How to deal with convergence problems

Heloise Thero, Pierre-Yves Hernvann


This vignette help you deal with troubling messages from the run_model function.

As a prerequisite, the preprocess_data, write_model and run_model functions must have been run without errors before trying to solve the convergence problems:


example_stomach_data_path <- system.file("extdata", "example_stomach_data.csv",
                                    package = "EcoDiet")
example_biotracer_data_path <- system.file("extdata", "example_biotracer_data.csv",
                                    package = "EcoDiet")

data <- preprocess_data(biotracer_data = read.csv(example_biotracer_data_path),
                        trophic_discrimination_factor = c(0.8, 3.4),
                        literature_configuration = FALSE,
                        stomach_data = read.csv(example_stomach_data_path))

model_string <- write_model(literature_configuration = FALSE)

mcmc_output <- run_model(textConnection(model_string), data)

Increase the number of iterations and/or adaptation steps

The first thing that you should try is setting a higher number of iterations and/or adaptation steps to run the model. Depending on your data (e.g., food-web complexity, data informativeness), this can take hours or days to run:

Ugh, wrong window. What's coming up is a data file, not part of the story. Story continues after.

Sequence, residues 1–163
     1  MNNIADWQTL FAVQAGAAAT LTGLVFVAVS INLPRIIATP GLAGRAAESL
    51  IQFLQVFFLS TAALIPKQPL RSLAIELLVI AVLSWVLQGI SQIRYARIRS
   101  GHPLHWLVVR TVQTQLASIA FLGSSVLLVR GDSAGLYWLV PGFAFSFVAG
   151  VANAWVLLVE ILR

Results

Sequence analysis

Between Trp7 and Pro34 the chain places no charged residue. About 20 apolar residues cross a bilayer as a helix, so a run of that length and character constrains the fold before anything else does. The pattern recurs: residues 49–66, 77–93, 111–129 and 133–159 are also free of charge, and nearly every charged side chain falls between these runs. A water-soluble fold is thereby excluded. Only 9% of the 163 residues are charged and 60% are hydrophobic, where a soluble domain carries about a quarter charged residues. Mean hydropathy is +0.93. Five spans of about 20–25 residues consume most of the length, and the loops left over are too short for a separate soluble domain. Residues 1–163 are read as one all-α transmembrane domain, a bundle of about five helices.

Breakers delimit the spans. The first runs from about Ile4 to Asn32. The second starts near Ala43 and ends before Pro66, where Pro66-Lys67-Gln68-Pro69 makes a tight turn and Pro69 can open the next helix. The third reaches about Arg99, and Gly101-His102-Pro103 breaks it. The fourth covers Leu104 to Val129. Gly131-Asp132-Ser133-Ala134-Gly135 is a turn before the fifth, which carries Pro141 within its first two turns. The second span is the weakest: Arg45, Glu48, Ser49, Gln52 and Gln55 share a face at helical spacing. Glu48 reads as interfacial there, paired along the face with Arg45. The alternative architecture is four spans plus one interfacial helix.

mcmc_output <- run_model(textConnection(model_string), data, nb_adapt = 1e4, nb_iter = 1e7)

Specify initial values for the model

The next step might be to define starting values from which to run the MCMC chains. By default JAGS will use the prior distributions to randomly fix the starting values of the chains, which can cause problems.

A large inconsistency between the literature priors and the data can eventually create convergence problems. Thus, first check and eventually modify the prior distributions used through the literature_diets table, the nb_literature and the literature_slope parameters (if you used priors from the literature).

Or you can try to manually set a good set of fixed values for initializing MCMC chains, i.e., fixed values that you know are close to the values you want the model to converge to. This way the model is given a good start and it should be faster to converge.


If you still have an ‘adaptation incomplete’ warning or ‘Stopping adaptation’ note, you can just live with the sub-optimal sampler efficiency and run the model for a higher number of iterations.

If you still have a ‘convergence problem’ message, you cannot use the obtained results as they are clearly incorrect.